Artificial Intelligence: A Philosophical Introduction by Jack Copeland. Oxford: Blackwell, 1993.
Minds, Machines and Godel J.R. Lucas (Philosophy, XXXVI, 1961, pp.112-127)
Minds, Brains and Science John Searle (Harvard University Press, Cambridge, Mass. ,1984)
Thinking Computers and Virtual Persons Eric Dietrich (ed.)
Android Epistemology Ken Ford, Clark Glymour, and Patrick J. Hayes (eds.) Menlo Park, CA: AAAI/The MIT Press.
Alan Turing: The Enigma Andrew Hodges (ISBN 0-09-911641-3 Vintage, Random Century, London.)
Paper by Larry Hauser: Why Isn't My Pocket Calculator a Thinking Thing Minds and Machines, Vol. 3, No. 1 (February, 1993), pp. 3-10.
Dr. Hugh Loebner started the annual Loebner Prize
competition. A $100,000 prize is offered to the author of the first
computer program to pass an unrestricted Turing test.
Jason Hutchens' MegaHAL page contains some fun transcripts and good information. Hutchens' programs participated in the Loebner contests in 1996, 97 and 98 and one of them won the prize in 1996.
Robby Garner, Robitron has also participated in the contest several times and is the winner of the 1998 and 1999 Loebner prizes. His site contains a lot of cool information and links.
Michael Mauldin's paper: Chatterbots, Tinymuds, And The Turing Test: Entering The Loebner Prize Competition This paper describes the development of a program and its performance on the first three Loebner Prize competitions.
Stuart Shieber's paper: Lessons from a Restricted Turing Test CACM, volume 37, number 6, 1994.
Hugh Loebner's response to Stuart Shieber: In Response
A human confederate's perspective: Tracy Quan tells her story.
Guardian article: Oct 6, 2001 - It's the thought that counts
NY Times article: March 18, 1999 - Look what's talking
TALK TO THEM
And you MUST see The Simon Laven Page probably the most comprehensive chatterbot site on the web...
Jabberwock, the winner of Loebner 2003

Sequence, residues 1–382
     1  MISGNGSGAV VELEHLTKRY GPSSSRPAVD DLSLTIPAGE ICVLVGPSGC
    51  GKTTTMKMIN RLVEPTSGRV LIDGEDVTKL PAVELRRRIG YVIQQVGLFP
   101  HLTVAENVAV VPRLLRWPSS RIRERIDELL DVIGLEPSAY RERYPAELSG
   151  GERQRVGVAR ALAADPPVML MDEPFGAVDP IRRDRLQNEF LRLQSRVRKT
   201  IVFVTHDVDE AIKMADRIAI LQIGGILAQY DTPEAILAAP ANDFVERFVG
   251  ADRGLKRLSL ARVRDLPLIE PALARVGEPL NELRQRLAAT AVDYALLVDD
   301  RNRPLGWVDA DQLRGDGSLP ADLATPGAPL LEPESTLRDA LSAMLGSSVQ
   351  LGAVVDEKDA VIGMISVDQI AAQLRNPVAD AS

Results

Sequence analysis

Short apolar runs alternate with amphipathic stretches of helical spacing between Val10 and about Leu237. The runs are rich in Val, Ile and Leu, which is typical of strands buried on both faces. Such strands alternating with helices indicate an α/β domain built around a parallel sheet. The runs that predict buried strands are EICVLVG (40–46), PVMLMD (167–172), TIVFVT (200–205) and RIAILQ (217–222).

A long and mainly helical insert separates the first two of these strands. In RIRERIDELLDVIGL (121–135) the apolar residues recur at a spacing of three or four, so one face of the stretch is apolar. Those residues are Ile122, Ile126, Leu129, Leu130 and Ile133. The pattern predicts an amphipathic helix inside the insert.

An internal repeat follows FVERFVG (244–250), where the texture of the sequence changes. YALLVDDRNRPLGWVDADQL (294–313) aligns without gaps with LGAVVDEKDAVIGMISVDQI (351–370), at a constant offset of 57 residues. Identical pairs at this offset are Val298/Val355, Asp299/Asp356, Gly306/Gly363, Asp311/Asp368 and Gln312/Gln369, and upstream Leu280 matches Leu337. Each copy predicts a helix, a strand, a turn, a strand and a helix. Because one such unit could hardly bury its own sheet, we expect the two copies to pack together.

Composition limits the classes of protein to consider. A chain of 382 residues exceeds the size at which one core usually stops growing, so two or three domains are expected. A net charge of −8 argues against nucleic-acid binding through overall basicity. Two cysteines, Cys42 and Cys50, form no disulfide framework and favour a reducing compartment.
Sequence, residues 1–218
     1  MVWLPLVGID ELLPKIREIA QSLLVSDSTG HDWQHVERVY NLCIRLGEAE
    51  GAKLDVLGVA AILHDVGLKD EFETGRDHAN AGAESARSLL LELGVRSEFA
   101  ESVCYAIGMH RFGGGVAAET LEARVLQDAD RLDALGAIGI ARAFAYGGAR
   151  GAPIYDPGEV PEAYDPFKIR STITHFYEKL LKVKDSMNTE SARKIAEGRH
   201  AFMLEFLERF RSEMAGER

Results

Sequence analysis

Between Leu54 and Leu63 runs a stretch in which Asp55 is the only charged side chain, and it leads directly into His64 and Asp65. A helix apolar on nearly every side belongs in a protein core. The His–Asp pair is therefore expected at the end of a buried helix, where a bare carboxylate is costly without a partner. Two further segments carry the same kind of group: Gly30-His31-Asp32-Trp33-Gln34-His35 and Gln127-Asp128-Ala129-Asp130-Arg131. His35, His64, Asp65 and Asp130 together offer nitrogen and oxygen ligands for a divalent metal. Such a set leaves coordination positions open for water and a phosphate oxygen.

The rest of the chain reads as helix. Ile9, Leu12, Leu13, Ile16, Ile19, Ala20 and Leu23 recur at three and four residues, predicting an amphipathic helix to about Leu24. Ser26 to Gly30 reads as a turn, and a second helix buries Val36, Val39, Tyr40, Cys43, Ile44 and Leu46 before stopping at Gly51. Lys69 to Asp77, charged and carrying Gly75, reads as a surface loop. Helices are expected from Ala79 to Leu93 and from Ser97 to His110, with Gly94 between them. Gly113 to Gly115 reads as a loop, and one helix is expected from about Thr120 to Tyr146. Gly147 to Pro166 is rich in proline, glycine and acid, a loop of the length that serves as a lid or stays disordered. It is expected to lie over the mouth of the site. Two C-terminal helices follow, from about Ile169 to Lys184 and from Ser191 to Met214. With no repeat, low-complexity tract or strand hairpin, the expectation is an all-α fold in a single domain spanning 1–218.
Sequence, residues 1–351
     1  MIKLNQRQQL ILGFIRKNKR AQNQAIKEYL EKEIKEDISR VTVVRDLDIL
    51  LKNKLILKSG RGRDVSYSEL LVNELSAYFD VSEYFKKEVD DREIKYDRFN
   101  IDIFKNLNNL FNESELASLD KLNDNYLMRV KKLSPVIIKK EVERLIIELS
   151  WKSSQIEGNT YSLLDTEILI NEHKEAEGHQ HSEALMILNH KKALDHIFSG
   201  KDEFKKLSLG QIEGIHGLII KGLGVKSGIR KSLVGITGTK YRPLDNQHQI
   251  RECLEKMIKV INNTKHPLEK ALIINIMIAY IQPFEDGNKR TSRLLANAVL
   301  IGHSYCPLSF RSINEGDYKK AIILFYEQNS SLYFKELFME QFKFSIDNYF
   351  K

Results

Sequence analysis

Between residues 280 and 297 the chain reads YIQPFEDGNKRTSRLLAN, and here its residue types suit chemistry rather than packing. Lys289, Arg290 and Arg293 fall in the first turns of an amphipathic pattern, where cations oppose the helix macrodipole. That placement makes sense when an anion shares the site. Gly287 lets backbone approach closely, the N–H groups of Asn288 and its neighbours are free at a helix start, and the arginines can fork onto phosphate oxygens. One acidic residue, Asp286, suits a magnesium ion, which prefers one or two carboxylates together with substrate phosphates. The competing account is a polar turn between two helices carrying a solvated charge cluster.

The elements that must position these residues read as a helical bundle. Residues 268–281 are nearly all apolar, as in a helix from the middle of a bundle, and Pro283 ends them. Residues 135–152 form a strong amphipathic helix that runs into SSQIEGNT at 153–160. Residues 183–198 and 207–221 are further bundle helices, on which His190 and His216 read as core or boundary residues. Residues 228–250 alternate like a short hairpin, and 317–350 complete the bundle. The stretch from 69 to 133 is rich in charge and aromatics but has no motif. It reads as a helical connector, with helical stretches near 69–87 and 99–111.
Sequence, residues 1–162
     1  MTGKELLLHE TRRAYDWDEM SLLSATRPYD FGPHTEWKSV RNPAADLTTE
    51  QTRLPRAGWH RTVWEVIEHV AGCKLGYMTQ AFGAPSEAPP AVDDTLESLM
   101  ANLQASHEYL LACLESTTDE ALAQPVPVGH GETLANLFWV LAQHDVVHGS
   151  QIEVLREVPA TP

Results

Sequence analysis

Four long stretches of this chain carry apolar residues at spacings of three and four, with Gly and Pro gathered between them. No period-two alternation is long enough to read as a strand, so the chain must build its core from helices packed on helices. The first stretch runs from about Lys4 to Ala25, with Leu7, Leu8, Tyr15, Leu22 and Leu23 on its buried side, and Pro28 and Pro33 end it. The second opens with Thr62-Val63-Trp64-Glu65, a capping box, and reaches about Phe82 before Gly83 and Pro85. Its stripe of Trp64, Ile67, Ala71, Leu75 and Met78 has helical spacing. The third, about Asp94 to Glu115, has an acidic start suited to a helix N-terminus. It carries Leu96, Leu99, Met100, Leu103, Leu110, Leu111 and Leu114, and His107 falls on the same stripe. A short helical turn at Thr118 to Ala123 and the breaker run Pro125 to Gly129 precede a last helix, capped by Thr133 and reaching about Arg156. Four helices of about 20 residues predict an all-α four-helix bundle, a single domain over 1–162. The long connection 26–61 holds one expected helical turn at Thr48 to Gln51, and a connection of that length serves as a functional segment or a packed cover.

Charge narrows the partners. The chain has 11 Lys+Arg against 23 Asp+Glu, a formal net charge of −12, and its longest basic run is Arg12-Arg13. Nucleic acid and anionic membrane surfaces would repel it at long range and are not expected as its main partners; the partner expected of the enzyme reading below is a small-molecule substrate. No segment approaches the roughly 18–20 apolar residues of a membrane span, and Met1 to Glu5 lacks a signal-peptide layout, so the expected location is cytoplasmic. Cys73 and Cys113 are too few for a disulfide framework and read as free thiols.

Jabberwacky, a bot with character
The CHAT Natural Language System (Loebner 94, 95)
ELIZA, the oldest girl around.
JULIA was a participant in Loebner 94.
ALICE is another chatty girl. Beware, this one spreads gossip! Winner of 2000 and 2001 Loebner prizes.
SPENCE'S, a virtual bar... Here, you can talk to Spence or to Erin, his niece who is also the bartender.
MITBOLEL A customizable Java chatbot. You can even put Mitbolel on your own web page!
THOUGHT TREASURE The approach here is a bit different. Thought Treasure has some "world knowledge" (an extensive concept hierarchy). This is an evolving system, latest version available for download.
MeBOT You need a Java compatible browser to talk to MeBot.
BRIAN, an 18 year old college student (3rd place in Loebner 1998)
MIMIC Help him learn talking, he's willing to learn.
Mr. MIND Try to convince him that you are not a computer.
DR ABUSE An ELIZA-based program that talks in Spanish
ELOISA You want to chat in Italian? Visit her.
Selmer Bringsjord This site contains information on his books and some online papers and presentations.
Rodney Brooks Here you can find out about Brooks' research on building intelligent robots.
David Chalmers A comprehensive site that contains many useful resources on the philosophy of mind as well as information on Chalmers' works on consciousness
Jack Copeland His personal page contains online papers as well as links to his Turing-related projects and conferences
Daniel Dennett Here, you can find a lot of papers by Dennett in html format.
Robert French Contains many papers of the author, downloadable in pdf format.
Stevan Harnad E-Prints on Cognitive Psychology. Many relevant papers online.
Larry Hauser Contains numerous online papers by Hauser. Also an excellent philosophy of mind resource.
Patrick Hayes Information on his research, although not too many papers online.
John R. Lucas Papers on various topics, online.
John McCarthy Personal homepage with various links to online publications.
Donald Michie Personal homepage containing full list of publications, but none are online.
Marvin Minsky Personal homepage with some online publications.
Aaron Sloman His personal page with some online resources.
NEW!Turing Tournament at the California Institute of Technology.
Preliminary Turing Test Analysis Interesting paper drawing a parallel between the Turing Test and GIS/spatial technologies research. Not really relevant to our topic, though.
How my program passed the Turing Test by Mark Humphrys.
MAW'97 Turing Test page This page was prepared within the context of Math Awareness Week '97.
Lecture slides This and the following few slides give a nice, concise summary of the Turing Test.
Characters, improvisation and ... Lots and lots of links.
Botspot Go there for all bot-related stuff on the net.
Psycholoquy A refereed international, interdisciplinary electronic journal.
Created April 6, 1998